The most lyrical and sophisticated of the abstract expressionist painters, Robert Motherwell understood abstract art as a “form of mysticism,” a means by which the imagination might apprehend the unseen and universal. Painted toward the end of Motherwell’s long career, Dance is all ecstatic energy. The stark inkblot forms relate to the artist’s lifelong interest in automatic drawing, a central Surrealist technique of surrendering creative control of one’s pen or brush to the subconscious. In Dance, the forms seem both spontaneous and curiously deliberate. Motherwell obviously delights in this ambiguity, encouraging the viewer to derive meanings which can be multiple and even contradictory.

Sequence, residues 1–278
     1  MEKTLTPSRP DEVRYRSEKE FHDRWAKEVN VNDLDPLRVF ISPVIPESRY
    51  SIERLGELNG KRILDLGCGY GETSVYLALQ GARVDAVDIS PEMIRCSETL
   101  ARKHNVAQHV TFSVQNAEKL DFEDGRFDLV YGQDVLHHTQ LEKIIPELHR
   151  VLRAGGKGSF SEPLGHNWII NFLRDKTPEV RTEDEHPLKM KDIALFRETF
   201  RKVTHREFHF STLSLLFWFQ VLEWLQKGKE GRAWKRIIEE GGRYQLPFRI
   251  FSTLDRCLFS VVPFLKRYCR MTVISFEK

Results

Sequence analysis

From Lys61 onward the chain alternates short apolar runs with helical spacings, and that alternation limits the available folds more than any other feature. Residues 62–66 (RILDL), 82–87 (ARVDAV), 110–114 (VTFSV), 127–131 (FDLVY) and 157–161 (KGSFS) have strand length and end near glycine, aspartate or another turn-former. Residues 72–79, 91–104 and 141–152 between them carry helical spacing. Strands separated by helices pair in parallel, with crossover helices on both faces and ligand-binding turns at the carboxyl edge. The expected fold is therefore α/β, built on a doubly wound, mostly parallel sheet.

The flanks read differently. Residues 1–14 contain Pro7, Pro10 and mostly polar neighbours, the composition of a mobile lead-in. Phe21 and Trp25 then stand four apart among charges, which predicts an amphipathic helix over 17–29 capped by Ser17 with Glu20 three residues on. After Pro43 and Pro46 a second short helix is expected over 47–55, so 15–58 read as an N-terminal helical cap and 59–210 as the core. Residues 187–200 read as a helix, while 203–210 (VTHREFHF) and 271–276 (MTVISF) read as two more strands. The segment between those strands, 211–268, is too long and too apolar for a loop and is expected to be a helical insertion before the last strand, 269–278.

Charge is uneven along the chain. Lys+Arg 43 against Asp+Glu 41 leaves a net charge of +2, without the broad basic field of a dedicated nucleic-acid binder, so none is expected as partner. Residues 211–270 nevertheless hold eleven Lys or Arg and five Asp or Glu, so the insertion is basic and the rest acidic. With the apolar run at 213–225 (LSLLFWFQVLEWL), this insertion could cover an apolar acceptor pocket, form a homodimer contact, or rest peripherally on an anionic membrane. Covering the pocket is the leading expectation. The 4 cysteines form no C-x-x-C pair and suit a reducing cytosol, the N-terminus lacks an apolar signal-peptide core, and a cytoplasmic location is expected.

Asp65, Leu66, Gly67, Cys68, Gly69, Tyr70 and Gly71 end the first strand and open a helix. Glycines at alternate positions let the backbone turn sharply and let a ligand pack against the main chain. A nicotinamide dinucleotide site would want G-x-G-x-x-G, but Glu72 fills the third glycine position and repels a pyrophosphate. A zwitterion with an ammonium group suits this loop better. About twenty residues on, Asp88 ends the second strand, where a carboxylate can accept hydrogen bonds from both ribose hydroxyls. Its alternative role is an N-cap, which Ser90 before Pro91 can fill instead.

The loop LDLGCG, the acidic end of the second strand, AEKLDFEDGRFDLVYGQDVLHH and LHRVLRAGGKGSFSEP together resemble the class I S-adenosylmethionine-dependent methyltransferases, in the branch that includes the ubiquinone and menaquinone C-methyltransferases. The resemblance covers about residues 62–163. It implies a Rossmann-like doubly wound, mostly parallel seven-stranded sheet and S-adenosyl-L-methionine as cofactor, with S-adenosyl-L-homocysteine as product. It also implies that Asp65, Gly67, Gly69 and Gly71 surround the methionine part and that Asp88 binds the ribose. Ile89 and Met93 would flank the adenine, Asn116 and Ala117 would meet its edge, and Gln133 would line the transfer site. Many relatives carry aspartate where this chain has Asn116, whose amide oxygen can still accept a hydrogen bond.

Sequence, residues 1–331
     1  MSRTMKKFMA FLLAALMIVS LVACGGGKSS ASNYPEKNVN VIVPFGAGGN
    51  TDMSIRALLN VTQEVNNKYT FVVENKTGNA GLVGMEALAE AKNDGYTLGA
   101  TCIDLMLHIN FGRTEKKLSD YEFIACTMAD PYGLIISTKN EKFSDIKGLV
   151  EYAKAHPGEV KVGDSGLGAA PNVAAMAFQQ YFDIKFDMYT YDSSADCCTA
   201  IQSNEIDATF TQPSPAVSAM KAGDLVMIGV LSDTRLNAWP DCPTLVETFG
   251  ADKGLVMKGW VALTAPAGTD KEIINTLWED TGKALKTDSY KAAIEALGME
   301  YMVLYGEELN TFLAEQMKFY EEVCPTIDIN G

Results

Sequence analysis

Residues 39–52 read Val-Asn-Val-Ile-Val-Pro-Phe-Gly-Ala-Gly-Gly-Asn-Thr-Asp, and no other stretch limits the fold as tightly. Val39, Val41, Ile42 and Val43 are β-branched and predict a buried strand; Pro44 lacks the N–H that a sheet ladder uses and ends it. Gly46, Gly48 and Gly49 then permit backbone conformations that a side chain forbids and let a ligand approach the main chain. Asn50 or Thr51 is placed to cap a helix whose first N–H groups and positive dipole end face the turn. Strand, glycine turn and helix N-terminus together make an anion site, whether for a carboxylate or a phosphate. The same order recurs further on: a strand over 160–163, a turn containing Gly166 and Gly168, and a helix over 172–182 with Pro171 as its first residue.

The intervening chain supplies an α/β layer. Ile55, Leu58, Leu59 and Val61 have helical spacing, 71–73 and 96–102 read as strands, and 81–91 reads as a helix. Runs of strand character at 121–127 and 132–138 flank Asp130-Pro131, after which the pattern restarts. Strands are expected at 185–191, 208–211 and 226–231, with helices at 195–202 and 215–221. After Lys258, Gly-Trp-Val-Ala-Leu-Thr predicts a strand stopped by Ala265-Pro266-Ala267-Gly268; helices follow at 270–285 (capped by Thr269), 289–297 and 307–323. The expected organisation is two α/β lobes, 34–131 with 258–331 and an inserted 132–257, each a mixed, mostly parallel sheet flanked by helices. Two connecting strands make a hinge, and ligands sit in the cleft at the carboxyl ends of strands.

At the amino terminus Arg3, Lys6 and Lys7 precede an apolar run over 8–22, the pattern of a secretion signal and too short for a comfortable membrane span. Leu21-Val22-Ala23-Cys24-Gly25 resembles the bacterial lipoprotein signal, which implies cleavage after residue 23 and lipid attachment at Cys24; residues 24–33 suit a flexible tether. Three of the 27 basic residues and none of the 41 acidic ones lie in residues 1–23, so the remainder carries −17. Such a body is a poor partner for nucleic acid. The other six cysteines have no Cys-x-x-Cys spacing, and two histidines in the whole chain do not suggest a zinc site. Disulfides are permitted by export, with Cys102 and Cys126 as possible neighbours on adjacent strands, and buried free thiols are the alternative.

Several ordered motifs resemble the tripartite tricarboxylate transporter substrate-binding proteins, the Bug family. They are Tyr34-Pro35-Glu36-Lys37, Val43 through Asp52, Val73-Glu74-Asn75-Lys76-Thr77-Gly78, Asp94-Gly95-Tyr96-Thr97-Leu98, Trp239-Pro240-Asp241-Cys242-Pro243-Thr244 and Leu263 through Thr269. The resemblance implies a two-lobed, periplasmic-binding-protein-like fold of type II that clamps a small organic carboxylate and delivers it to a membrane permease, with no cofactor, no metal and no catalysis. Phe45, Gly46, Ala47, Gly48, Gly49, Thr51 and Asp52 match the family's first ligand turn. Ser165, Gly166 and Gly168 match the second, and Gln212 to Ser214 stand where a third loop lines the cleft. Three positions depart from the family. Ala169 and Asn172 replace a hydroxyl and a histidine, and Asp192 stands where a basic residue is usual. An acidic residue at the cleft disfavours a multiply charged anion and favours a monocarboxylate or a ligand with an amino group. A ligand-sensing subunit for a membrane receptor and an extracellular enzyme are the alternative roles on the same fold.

tags: movement, perception, subjectivity, rhythm
Purchased with funds from the North Carolina State Art Society (Robert F. Phifer Bequest) and Arthur Leroy and Lila Fisher Caldwell, by exchange, and Gift of the Dedalus Foundation, Inc., 1998